This is the message of the gospel. This is the power of Jesus Christ. THIS is the foundation of Christ’s ministry here among us: soul-freedom. Soul wellness. Soul healing. For you, and for me. This is the foundation of all that Christ has come to do on earth. He begins by setting each of our souls free from darkness.
And it is also the beginning of our ministry. All that we are and have, all that we hope to accomplish in the world for Christ, all that we would love to change, begins here. The first encounter, the first touch of Christ, is the healing of all our soul sicknesses, all our unwellness and dis-ease, all that is ugly inside of us. First Christ makes us well, and then he sends us out into the world with the power (HIS power) to make it well, and to set the world free. Our ministry as disciples of Christ begins with a direct encounter with the Christ, the God-among-us, in whose presence our darkness or unclean-ness does not even stand a chance.
And so like our man, we come to the synagogue (that is, the church) on the Sabbath (that is, Sunday). We come a bit unwell, a touch sick at heart. We come troubled by the temper we can’t tame, the fear we can’t master, the spirit of self-righteousness or meanness or bitterness or hard-heartedness or whatever.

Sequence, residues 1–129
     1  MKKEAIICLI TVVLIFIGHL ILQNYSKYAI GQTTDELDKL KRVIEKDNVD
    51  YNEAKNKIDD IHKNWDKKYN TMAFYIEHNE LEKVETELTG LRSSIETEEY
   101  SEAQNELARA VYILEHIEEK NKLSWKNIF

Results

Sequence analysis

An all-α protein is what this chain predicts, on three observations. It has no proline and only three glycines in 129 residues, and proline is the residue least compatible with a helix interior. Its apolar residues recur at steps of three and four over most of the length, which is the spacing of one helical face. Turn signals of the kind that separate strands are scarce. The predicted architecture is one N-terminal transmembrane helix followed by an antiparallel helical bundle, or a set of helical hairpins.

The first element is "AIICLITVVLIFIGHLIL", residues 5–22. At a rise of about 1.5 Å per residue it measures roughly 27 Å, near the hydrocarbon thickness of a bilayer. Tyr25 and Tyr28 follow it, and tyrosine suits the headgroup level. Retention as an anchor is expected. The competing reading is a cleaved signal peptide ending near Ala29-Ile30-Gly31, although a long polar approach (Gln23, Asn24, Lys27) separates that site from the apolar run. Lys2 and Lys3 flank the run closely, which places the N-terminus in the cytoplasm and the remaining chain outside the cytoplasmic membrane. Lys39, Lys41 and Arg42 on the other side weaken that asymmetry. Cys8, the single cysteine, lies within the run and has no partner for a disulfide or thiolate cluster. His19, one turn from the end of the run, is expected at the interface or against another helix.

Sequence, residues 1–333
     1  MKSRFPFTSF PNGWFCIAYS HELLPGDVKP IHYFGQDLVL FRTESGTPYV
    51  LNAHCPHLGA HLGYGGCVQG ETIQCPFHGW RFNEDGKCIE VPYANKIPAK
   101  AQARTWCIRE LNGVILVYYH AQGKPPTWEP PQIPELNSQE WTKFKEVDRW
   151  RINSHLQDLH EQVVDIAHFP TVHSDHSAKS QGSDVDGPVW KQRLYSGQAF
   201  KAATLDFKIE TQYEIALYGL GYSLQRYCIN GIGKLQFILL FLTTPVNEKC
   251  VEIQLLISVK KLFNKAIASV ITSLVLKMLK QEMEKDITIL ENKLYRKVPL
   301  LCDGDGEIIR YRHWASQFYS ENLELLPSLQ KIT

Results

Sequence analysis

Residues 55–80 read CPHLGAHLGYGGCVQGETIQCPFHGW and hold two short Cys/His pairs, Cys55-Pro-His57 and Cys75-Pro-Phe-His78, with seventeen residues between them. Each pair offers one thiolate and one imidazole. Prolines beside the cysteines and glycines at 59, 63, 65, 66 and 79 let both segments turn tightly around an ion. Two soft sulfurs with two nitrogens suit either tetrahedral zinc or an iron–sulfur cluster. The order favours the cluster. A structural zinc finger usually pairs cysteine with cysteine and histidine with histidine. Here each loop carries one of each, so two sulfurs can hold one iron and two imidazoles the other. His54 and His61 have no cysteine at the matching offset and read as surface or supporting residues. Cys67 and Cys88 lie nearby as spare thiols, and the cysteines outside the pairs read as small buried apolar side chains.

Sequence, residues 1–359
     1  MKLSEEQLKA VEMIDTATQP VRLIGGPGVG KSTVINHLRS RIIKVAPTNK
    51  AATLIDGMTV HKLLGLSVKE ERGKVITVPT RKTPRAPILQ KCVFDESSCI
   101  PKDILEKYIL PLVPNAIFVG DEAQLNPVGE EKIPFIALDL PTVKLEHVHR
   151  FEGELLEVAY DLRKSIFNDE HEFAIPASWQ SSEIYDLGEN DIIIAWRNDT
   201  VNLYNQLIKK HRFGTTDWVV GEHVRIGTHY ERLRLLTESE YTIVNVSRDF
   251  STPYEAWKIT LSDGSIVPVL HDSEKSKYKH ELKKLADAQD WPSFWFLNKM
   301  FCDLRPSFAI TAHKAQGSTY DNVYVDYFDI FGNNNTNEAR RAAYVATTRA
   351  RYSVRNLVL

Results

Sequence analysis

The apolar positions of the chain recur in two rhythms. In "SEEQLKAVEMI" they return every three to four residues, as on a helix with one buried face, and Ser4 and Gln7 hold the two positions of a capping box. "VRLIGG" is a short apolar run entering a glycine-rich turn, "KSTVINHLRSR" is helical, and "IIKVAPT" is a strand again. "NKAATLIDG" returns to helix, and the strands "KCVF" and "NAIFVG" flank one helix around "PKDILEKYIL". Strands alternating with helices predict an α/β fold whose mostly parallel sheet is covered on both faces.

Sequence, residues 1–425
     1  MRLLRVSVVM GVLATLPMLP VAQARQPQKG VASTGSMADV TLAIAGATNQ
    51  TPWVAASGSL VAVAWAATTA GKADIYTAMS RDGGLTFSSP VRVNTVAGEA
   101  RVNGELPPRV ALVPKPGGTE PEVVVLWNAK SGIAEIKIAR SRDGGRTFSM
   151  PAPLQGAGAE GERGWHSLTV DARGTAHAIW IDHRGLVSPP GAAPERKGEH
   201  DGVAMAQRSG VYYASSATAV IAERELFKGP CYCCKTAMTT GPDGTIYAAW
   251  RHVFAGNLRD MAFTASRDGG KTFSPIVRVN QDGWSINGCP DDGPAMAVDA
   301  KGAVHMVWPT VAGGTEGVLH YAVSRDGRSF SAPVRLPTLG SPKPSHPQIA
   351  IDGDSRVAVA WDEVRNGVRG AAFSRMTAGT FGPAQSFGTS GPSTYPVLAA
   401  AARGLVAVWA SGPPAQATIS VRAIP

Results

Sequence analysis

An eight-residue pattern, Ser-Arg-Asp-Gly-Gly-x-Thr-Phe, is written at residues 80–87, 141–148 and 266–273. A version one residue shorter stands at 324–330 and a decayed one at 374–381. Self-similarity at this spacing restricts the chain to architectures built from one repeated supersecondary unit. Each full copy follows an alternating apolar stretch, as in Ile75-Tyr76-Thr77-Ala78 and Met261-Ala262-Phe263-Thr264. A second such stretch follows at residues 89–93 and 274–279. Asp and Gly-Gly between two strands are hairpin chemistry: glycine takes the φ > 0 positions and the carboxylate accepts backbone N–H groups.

We walk in the door unsuspecting. We may not even realize what we’ve been dragging around with us all these years, what soul-sickness has plagued us. Perhaps a weight has been hanging around our necks for so long we don’t even notice how bent over we are, how crippled we are by all we’ve been carrying. Perhaps we’ve lost our voices, even forgotten what they sound like; perhaps, like the man in the story, we hardly recognize ourselves anymore. Perhaps we have been living in the shadow of something very ugly for a very long time. (Perhaps not. It’s certainly not for me to say. )
And here, Christ speaks. He speaks the sweetest words of freedom your soul has ever heard. All it takes is one encounter with the Christ of power. Be silent! He says to all our illness. Be gone! And when the Son sets you free, brothers and sisters, you are free indeed.
In closing, let’s return to our Mr. Nobody, the nameless man in the gospel of Mark who was set free from his unclean spirit, and see what happened to him after his encounter with Christ. Well, we don’t know. Perhaps he went on to change his neighborhood, to change his world, to enact justice or become and agent of peace. Or maybe he just went home to be a loving father and a good neighbor, and that was more than enough too. Who knows? Mark doesn’t tell us.
But of one thing I am certain: he was changed. He walked home free. He recovered his voice! Free of the dark, the unclean, the painful, the soul-sickness, the ugly that had gotten him down for so long. He walked home free. And I’ll bet he was singing as he walked.